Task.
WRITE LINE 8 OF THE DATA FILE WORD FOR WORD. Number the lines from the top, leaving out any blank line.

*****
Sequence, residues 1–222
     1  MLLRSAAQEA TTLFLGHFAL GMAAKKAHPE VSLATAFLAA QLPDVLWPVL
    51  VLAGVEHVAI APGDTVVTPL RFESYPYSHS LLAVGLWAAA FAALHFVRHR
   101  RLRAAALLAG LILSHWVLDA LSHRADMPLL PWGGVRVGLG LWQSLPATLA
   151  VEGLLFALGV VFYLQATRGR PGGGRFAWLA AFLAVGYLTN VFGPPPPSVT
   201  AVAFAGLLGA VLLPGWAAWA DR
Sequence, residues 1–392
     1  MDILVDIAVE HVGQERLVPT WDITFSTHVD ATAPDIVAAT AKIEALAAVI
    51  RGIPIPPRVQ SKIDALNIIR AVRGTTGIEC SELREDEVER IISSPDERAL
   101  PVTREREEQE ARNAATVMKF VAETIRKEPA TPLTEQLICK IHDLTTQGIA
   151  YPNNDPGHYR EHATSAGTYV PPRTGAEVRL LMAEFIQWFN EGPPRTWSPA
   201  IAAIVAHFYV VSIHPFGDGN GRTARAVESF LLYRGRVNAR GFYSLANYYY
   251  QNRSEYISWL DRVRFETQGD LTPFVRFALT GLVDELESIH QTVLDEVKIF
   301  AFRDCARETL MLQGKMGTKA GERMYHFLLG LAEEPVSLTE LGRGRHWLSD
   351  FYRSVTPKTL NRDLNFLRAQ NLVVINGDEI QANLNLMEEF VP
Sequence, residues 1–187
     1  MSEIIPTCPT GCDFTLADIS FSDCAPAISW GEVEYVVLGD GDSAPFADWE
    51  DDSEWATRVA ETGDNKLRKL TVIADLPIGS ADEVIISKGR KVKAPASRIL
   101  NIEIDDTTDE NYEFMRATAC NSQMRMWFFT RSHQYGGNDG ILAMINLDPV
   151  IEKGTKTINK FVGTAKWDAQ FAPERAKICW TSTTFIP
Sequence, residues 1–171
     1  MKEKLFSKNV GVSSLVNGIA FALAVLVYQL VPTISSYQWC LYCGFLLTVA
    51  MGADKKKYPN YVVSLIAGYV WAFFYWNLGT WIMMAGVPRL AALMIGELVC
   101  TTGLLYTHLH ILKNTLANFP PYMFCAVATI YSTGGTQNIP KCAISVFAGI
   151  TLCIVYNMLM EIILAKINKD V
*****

     1  MDILVDIAVE HVGQERLVPT WDITFSTHVD ATAPDIVAAT AKIEALAAVI